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The Twelve Apostles?
There’s nothing wrong with your eyesight.
Not all twelve ‘apostles’ can be seen from this lookout;
some are hidden behind headlands
or obscured by other rock stacks.
the formations were called the ‘Sow and Piglets.’
Muttonbird Island near Loch And Gorge
was the ‘Sow’ and the smaller rock stacks the ‘Piglets.’
Perhaps ‘Twelve Apostles’ was thought to be a more dignified name.
The rock stacks are the temporary remnants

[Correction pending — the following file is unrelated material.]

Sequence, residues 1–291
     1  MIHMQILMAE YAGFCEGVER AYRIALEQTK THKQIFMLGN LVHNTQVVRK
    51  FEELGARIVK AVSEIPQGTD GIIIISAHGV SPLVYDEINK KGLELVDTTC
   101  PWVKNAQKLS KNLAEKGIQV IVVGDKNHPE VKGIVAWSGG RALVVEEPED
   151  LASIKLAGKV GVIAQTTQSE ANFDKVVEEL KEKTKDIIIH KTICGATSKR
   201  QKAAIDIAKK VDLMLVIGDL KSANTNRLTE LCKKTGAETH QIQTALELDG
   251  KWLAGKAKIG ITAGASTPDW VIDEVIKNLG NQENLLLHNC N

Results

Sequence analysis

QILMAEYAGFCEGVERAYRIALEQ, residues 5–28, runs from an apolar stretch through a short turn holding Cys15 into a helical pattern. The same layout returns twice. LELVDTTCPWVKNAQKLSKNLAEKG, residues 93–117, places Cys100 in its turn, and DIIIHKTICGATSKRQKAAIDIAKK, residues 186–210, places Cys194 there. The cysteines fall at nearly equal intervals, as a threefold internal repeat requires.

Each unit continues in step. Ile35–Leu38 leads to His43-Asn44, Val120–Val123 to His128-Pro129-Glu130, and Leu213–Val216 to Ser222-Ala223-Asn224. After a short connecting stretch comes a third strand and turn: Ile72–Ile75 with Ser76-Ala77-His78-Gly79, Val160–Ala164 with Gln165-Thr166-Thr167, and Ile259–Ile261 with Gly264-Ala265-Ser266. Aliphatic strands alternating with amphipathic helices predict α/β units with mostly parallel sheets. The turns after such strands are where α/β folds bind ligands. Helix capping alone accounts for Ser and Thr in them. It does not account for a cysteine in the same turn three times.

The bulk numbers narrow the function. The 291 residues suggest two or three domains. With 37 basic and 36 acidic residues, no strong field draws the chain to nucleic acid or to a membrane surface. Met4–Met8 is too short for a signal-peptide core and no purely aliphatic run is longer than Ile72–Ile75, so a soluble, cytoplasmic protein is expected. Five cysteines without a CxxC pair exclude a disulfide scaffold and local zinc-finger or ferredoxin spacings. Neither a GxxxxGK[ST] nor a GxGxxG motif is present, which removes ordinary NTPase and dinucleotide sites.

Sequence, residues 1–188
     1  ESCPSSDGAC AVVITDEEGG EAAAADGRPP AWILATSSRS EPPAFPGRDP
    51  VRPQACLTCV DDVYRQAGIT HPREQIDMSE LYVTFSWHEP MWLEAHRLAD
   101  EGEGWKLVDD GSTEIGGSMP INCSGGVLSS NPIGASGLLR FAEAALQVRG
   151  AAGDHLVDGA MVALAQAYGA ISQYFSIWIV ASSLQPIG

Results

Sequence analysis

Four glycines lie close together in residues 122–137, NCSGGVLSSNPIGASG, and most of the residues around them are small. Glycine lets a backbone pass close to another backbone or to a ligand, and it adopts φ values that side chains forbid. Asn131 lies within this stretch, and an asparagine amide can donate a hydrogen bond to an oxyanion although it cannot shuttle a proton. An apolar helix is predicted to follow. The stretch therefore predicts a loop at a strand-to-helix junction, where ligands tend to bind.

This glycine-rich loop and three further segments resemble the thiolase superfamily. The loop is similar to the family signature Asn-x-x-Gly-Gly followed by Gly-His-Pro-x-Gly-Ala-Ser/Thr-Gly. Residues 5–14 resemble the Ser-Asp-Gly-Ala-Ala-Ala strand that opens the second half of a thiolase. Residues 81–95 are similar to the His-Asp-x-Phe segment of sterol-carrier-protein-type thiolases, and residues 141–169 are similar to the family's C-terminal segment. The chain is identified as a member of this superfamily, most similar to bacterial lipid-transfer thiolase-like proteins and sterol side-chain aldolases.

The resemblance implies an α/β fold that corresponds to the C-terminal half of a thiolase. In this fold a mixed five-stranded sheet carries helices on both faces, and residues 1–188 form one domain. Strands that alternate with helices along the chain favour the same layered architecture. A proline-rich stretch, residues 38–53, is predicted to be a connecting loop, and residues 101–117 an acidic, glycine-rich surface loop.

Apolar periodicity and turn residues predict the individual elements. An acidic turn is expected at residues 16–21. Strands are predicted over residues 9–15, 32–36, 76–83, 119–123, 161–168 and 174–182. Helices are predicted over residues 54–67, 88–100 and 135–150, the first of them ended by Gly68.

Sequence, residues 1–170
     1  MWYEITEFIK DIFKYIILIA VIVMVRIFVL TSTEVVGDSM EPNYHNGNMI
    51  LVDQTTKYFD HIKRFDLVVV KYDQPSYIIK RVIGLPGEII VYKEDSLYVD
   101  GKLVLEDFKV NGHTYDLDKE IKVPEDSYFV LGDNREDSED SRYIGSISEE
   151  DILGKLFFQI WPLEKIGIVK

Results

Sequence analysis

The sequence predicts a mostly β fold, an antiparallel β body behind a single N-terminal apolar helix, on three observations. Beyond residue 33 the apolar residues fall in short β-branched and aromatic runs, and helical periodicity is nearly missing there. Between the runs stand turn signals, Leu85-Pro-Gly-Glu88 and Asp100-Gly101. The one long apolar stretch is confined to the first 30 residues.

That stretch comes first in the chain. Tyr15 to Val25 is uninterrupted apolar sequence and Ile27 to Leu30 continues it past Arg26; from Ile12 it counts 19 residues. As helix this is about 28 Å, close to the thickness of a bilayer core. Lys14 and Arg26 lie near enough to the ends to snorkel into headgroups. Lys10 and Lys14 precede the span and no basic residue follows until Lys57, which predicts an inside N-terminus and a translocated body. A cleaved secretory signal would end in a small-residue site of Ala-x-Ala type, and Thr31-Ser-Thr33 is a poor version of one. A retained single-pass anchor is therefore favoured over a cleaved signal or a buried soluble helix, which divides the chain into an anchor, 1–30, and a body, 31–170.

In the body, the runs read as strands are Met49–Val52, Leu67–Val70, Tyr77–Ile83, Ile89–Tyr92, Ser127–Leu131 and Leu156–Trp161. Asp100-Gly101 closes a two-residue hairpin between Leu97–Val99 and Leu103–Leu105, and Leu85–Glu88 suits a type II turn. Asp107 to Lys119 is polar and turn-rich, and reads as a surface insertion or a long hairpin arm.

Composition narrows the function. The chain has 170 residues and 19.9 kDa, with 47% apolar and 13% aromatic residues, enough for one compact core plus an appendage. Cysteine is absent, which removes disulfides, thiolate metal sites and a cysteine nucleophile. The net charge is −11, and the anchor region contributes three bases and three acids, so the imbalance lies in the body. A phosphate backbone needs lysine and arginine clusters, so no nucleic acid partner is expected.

of a retreating limestone coastline,
under constant attack by the sea.
Cliff faces are being eroded
at the rate of about two centimetres per year.
These diagrams show the processes
that will turn the headlands you see
into the ‘apostles’ of the future.
1. Wave action erodes the cliff face,
leaving harder rock as headlands.
2. Waves eat away the rock at sea level,
forming caves on each side of the headland.
The caves eventually meet up,
forming an arch.
3. The arch collapses,
leaving a rock ’stack.’
4. Further undercutting by waves
and opening up of vertical cracks in the rock
by rain and saltwater,
gradually reduce the stack to
a low platform or reef.